A Pitch Clock in Baseball?

A Quality of Life Improvement Or A Step Too Far?


Austin Lentz, Editor

The 2023 baseball preseason brings us the beloved sounds of wood cracking and leather smacking. However, preseason this year brings with it new rule changes. None bigger than the implementation of the pitch clock. Does this rule change bring about a brighter future for America’s past time? Or does it ruin what makes baseball great in the first place?

There is no question that baseball is a long game. The season is long, the games are long, but isn’t that what separates it from other sports?

I for one am a person that thoroughly enjoys going to the ballpark with a crew of my buddies and drinking as much overpriced beer as we can, while we try to name the 2011 NFL draft class. 

For some visitors of ballparks across the country, this isn’t the case.

Take my friend Patrick as an example. He has grown up in Minnesota his entire life, playing baseball, from youth to the college level. He sees the game differently from me, and for good reasoning. When I go to a game with him he’s locked in trying to call every pitch from our seats as he yells at the umpire, “You suck! That was a ball!”

By the 7th inning stretch I’m ready to pack up shop and move on to whatever is next in my day. This is a similar case for many people who go to the game, prompting the MLB to make a change in the addition of a pitch clock. 

The rule is as follows: A 30 second timer between batters. Pitchers need to begin their motion within 15 seconds from receiving the ball from the catcher when the bases are empty, 20 seconds if there are players on base. Batters must be in the box with at least 8 seconds on the clock. 

This isn’t the only change being brought forth by the MLB for the 2023 season. Restrictions on positioning of outfielders and bigger bases also accompany the attempt to speed up games. 

The MLB didn’t just randomly implement these changes into their league, they smartly tested them out in the minor league this past year. 

According to ESPN, the average length of a minor league game in 2021 was 3 hours and 3 minutes before the changes. At the end of the 2022 season the game time shrunk by 25 minutes. 

Taking dead time out of the game seems like the right thing to do in order to increase viewership and keep the attention of an ever growing population with dwindling attention spans. 

According to a study from Microsoft Corp. the average human attention span is 8 seconds, a number that has dropped by four seconds since 2000. 

In an era where mindless scrolling on social media and the instant gratification of a dopamine hit is seconds away, the slow pace of the game is not conducive to the world we currently live in. 

According to Forbes, MLB attendance in 2022 was down 6% from the pre-COVID 2019 season. Of course this is hard to judge for the 2022 season as fear of the pandemic was still alive and well. 

However this is still an eyebrow raising number for those running the league and the owners who are looking to make money off of the teams they have invested so heavily in.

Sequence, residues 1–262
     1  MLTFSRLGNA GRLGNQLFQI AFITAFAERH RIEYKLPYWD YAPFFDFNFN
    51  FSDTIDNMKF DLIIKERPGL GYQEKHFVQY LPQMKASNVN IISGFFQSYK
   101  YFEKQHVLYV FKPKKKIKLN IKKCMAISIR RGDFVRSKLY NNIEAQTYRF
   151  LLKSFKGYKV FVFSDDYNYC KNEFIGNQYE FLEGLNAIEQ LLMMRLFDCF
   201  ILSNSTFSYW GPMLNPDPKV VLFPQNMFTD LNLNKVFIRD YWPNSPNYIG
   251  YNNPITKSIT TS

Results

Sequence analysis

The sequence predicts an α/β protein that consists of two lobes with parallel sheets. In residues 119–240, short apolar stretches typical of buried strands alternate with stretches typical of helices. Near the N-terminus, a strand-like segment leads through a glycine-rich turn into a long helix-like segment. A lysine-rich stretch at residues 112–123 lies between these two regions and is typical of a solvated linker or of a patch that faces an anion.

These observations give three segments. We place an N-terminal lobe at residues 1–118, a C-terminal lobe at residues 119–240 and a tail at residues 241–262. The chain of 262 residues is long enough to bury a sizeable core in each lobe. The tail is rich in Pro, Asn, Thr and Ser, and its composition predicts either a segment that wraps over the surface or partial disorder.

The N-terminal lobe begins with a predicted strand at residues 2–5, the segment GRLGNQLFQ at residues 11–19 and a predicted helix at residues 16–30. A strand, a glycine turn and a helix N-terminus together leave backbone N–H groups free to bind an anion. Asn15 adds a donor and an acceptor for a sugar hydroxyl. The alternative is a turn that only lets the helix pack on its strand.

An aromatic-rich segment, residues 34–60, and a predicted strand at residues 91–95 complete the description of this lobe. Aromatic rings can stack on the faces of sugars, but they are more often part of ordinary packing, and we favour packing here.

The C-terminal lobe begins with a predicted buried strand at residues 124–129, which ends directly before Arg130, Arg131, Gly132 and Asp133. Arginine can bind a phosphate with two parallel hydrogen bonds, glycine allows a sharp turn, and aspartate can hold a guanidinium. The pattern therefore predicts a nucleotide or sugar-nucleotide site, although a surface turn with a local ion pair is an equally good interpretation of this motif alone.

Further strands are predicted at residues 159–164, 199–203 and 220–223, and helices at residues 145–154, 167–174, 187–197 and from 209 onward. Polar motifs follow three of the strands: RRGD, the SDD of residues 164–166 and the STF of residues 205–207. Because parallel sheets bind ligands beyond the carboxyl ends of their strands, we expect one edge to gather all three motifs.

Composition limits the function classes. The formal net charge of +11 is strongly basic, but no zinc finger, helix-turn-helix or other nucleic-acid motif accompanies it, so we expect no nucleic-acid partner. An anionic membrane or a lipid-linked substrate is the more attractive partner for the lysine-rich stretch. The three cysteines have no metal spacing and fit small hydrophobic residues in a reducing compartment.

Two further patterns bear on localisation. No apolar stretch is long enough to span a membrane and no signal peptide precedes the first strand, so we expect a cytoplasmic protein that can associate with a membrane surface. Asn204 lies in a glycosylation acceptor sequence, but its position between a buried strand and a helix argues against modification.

Even taking the 2020 season out of the equation, attendance of MLB games have continued to drop the last nine years since the latest uptick during the 2011, 2012 seasons. 

True baseball purists argue and say things along the lines of, “baseball can never be replaced, it’s America’s past time, it’s woven into the fabric of the United States. Apple pie, Baseball, America, they go hand in hand.”

As much as older generations love the sport of baseball, younger generations are not so keen on a game Snapple claims has only 18 minutes of action. 

According to Statista, Generation Z, born in the years 1997-2012, ranked the MLB fifth behind the NFL, NBA and NCAA Football and basketball. Only 32% being casual or avid fans of the MLB. 

This is an eye opening survey especially when Gen Z make up ⅕ of the United States population. These are also the people who will eventually be major customer prospects in the next 10 years for the MLB. 

The rule changes, specifically the defensive shift and pitch clock were of great disagreement from the Major League Baseball Players Association. In a statement posted to Twitter the MLBPA announced they unanimously voted against these specific rule changes. 

“Major League Baseball was unwilling to meaningfully address the areas of concern that players raised, and as a result, Players on the Competition Committee voted unanimously against the implementation of the rules covering defensive shifts and the use of a pitch timer.”

This statement from the MLBPA deliberately shows their disagreement with the rule change. I question what the big deal is. 

Nobody in their right mind wants to watch a pitcher step off the rubber three times or a batter touch the plate with his bat three times, spin in a circle and do the hokey pokey before finally stepping up into the box. 

The MLB is looking at the big picture, overruling the vote from the MLBPA in order to address the decline in not only viewership but also attendance. 

The numbers are scary for the MLB and owners who once wore the crown for the top sport in the States over two decades ago. 

But they are making the right steps in order to attempt to regain that illustrious title. Besides who is going to complain about regaining some time in their lives, it’s not infinite.